Louis Caldera: Wikis

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Louis Caldera

Photo as Secretary of the Army, December 1998

In office
January 20, 2009 – May 22, 2009
President Barack Obama
Preceded by Raymond A. Spicer
Succeeded by George D. Mulligan, Jr.

18th President of the University of New Mexico
In office
August 2003 – January 2006
Preceded by F. Chris Garcia
Succeeded by David W. Harris

In office
July 2, 1998 – January 20, 2001
President Bill Clinton
Preceded by Robert M. Walker
Succeeded by Thomas E. White

In office
1992 – 1997
Preceded by Barbara Friedman
Succeeded by Gil Cedillo

Born April 1, 1956 (1956-04-01) (age 53)
El Paso, Texas
Political party Democratic Party[1]
Alma mater United States Military Academy (B.S.)
Harvard University (J.D./M.B.A.)
Profession Attorney
Military service
Allegiance United States of America
Service/branch United States Army
Years of service 1978-1983
Rank Captain[1]

Louis Caldera (born April 1, 1956) was Director of the White House Military Office[2] from January 20, 2009 until May 22, 2009 and served as the 17th United States Secretary of the Army from July 2, 1998 until January 20, 2001.

Contents

Family and education

Caldera, the son of Mexican immigrants, Soledad and Benjamin Caldera,[1] was born on April 1, 1956 in El Paso, Texas.[3] His family left Texas for California when he was 4 years old, living briefly in public housing in the Boyle Heights neighborhood of Los Angeles before moving to the suburb of Whittier. He earned a Bachelor of Science degree in 1978 from the United States Military Academy at West Point, New York, then served on active duty from 1978 to 1983, mostly at Fort Dix, New Jersey. He went on to enroll at Harvard University and in 1987 earned a joint J.D./M.B.A. degree from Harvard Law School and Harvard Business School respectively.

While studying at Harvard, he met his wife, Eva Orlebeke Caldera; together they have three daughters, Allegra Christine Caldera, Sophia Marie Caldera, and Camille Grace Caldera.

Law career

After graduating from Harvard, Caldera practiced law from 1987 to 1990 at O’Melveny & Myers, and then from 1990 to 1991 at Buchalter, Nemer, Fields and Younger. From 1991 to 1992, he was a Deputy Counsel for Los Angeles County.

California State Assembly

Caldera then served as a California State Assemblyman from 1992 to 1997, representing the nearly 400,000 residents of California's 46th State Assembly district, which is located in and around downtown Los Angeles. As an Assemblyman, he served as chairman of the Banking and Finance Committee, the Revenue and Taxation Committee, and the Budget Committee.

Secretary of the Army

Before finishing his third term in the Assembly, Caldera resigned to begin serving as managing director and chief operating officer for President Bill Clinton's Corporation for National and Community Service (1997-1998), a domestic volunteer program.

On May 22, 1998, Clinton announced Caldera as his selection for Secretary of the Army.[4] On July 2, 1998, Caldera was sworn in as the 17th Secretary of the Army by Secretary of Defense William Cohen.[5]

Other positions

He went on to serve as Vice Chancellor for University Advancement in the California State University System, the largest four-year university system in the country. Caldera became the 18th president of the University of New Mexico in August 2003 and stepped down from that post in January 2006. Caldera's contract with the University granted him appointment as a tenured member of the University of New Mexico School of Law faculty.[6][7]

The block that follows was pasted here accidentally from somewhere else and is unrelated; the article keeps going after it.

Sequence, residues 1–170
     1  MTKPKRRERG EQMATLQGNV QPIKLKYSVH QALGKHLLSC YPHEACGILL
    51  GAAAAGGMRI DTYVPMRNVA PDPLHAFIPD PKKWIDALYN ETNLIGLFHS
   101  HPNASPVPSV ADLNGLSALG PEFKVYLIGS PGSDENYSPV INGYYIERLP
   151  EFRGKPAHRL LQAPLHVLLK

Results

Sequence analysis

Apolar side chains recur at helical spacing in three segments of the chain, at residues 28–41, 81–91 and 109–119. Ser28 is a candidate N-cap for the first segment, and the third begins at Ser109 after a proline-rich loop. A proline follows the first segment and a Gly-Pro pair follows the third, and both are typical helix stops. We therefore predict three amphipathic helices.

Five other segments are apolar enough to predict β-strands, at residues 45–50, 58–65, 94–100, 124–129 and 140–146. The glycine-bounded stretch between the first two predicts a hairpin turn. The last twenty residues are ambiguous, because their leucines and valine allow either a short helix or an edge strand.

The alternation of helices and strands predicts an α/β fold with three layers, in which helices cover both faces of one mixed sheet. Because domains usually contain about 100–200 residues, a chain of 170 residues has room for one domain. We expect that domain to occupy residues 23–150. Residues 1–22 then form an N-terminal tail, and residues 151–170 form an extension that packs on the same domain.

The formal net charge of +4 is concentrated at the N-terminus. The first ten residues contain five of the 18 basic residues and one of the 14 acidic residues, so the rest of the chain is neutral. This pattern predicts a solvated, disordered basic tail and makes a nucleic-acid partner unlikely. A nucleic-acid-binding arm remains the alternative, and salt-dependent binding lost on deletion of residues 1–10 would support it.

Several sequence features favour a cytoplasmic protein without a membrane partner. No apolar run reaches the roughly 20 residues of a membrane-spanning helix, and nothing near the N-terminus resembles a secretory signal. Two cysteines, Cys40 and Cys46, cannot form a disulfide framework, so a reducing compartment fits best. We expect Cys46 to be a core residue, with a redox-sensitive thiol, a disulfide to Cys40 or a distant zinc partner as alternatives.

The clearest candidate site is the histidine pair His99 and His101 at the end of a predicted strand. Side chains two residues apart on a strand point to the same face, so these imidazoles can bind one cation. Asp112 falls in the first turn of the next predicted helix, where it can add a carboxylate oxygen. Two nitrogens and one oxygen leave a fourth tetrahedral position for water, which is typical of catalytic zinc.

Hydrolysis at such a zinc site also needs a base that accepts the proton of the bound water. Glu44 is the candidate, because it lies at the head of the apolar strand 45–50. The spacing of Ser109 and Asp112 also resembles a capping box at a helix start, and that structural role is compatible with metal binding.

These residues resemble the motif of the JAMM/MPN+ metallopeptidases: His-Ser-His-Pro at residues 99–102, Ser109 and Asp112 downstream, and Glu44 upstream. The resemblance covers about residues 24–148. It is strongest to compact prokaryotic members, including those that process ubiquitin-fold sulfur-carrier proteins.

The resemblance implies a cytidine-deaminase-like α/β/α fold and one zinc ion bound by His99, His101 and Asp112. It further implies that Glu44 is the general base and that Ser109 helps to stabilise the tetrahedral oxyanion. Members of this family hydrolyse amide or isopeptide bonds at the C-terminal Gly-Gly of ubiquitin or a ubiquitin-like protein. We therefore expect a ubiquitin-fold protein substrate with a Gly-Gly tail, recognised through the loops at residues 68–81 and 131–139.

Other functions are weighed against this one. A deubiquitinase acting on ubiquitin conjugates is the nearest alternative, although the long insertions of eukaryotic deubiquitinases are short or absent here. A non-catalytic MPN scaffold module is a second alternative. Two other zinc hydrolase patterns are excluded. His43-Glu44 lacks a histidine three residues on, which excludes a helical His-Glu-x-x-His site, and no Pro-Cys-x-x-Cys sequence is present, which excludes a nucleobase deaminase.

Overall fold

Caldera served on the board of directors of IndyMac Bank from 2002 until its failure and subsequent seizure by the government in July 2008.[8]

Caldera served on the board of directors for Southwest Airlines until he submitted his resignation, effective January 15, 2009, in connection with his selection to serve as Director of the White House Military Office.[9]

Aircraft photo mission controversy

During his tenure as Director of the White House Military Office, Caldera approved a mission, conducted on April 27, 2009, where a Boeing VC-25 (a Boeing 747 military variant that is denominated Air Force One when the President of the United States is aboard), followed by an F-16 military fighter jet, performed low-altitude flyovers of New York City and New Jersey.[10 ] The mission "was set up to create an iconic shot of Air Force One, similar to one that was taken in recent years over the Grand Canyon."[10 ]

While the FAA and select local authorities were given some degree of notification in advance, many other officials and the general public were not. The flyover of the lower Manhattan financial district created a panic. Many feared it was another terrorist attack like the one that destroyed the twin towers of the World Trade Center on September 11, 2001, or an aborted attack attempt, because of the F-16 chasing the presidential plane. This led scores of people to leave their desks and large office buildings to be evacuated in a speedy but impromptu fashion.

New York City police stated that "federal authorities" told them not to disclose information about the flyover to the public in advance. President Obama was also not informed beforehand. Like New York City Mayor Michael Bloomberg, Obama only learned of the incident after the disturbance it caused was already being reported by journalists, bloggers, websites and news outlets.